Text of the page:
The ‘hustle economy’ threat

  • BEC president Keith Jensen

    BEC president Keith Jensen


Rushing to impose a living wage could fuel a “hustle economy” in which bosses dodge their tax contributions by paying staff in cash, the Bermuda Employers Council has warned.

Family Centre also cautioned against mandated higher wages risking the jobs of low-skilled workers or preventing them from gaining full-time employment.

Both groups welcomed the announcement that Lovitta Foggo, the labour minister, was drawing up legislation for a Wage Commission to tackle both a minimum wage and a living wage. The independent commission is to partner with unions and employer groups, according to a ministry statement on Monday.

Keith Jensen, president of the BEC, said the council believed “hustle” practices had “flourished during the recent recession”.

He said some bosses resorted to cash to sidestep “health insurance, pension contributions, social insurance and payroll taxes”.

Mr Jensen added: “In the worst-case scenario, a poorly conceived living wage may embolden the hustle economy.”

He said “thoughtful consideration” of a recommended living wage came at a time when Curtis Dickinson, the finance minister, had proposed “relatively few tax increases in light of uncertainties in the economy”.

He warned: “While there have been identified positive outcomes of a living wage, moving wage costs rapidly in an economy that is walking on a tightrope may introduce self-inflicted, cost-push inflation.”

Cost-push inflation refers to cases in which overall prices rise because of higher wage costs.

Mr Jensen said such a scenario could be triggered by “the combination of an ill-advised living wage, the 25 per cent increase in foreign currency purchases tax, the fixed cost taxes and dividend taxes which are still being dealt with from last year’s Budget, the sugar tax, and the structural economic issues within the retail/restaurant/personal service industries”.

The BEC, which represents unionised and non-union members across the island, was said to be “understandably cautious” of the living wage’s potential impact.

Mr Jensen said the council looked forward to having its say in the commission’s deliberations.

Martha Dismont, the executive director of Family Centre, commended the move in July 2018 when a parliamentary Joint Select Committee tabled its report on the wage change.

A living wage in keeping with Bermuda’s prices was suggested at $18.

This week, Ms Dismont called it “very critical” to legislate a living wage from “a comprehensive perspective that helps to ensure the legislation achieves what is intended”.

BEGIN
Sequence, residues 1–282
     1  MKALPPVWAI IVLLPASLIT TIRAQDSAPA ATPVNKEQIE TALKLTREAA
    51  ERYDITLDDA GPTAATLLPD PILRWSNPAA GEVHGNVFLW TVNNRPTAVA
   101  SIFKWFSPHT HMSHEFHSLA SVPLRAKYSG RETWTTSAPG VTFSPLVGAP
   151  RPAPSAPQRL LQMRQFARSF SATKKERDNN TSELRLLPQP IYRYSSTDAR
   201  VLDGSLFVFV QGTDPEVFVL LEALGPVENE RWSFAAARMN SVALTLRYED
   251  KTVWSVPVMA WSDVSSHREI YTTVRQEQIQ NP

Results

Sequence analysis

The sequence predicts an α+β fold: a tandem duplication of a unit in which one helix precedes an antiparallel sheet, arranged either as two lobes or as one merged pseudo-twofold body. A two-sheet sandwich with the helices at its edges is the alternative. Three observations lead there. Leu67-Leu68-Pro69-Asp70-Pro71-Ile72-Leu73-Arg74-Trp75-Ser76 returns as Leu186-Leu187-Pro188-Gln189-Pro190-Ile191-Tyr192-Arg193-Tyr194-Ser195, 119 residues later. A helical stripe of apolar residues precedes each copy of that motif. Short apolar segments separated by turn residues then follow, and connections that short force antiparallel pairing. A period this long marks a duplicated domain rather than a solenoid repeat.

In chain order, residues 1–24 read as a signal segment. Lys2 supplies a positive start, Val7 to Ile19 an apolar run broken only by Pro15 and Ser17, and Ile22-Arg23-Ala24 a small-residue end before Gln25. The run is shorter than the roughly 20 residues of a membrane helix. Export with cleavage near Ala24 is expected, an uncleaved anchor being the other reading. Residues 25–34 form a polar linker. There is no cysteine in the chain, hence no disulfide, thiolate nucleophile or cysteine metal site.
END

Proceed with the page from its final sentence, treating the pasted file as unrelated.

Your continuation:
Ms Dismont said that some employers gave low-skilled workers the chance to become full-time staff with “smaller, more casual jobs as a start”.

She added: “We also expect that this is done by paying these ‘casual’ workers with cash.

“Those same employers may maintain an accurate accounting of these payments, and one would hope that they are following the proper legal requirements under the Employment Act.

“However, if there are employers who are maintaining lower-skilled workers through cash payments, they will likely be the first who are cut once employers are required to pay a higher wage.”

Ms Dismont said it would be “not surprising” if more bosses had turned to offering cash during the economic downturn.

“These arrangements tend to support the needs of employers as well as the individual who needs to earn some, or any, level of income,” she said.

“If employers were given the incentives and supports to hire unemployed, lower-skilled workers, it may reduce the practice of saving costs by sidestepping the legal requirements and paying in cash.”

Not all workers paid in cash were low-skilled, she added.

“However, our experience is that these workers tend to be subcontractors, who work independently and receive their pay however the employer chooses to pay them.”

Ms Dismont said Family Centre’s concern was the chance of “lower-skilled workers losing entry points for work”.

She said such workers could suffer as a result of the legal requirement for a higher wage if employers began “asking for a higher skill level”.

Ms Dismont said she hoped that a comprehensive look at a statutory wage would include examining how workers who had been taking their wages in cash could transition to a wage through job training incentivised programmes.

She added: “To the point of whether employers will look for other ways to cut corners, we believe that until we solve the high cost of doing business in Bermuda problem, employers will continue to look for ways to achieve costs savings to save their businesses.”

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Published Mar 7, 2019 at 8:00 am (Updated Mar 7, 2019 at 6:39 am)

The ‘hustle economy’ threat

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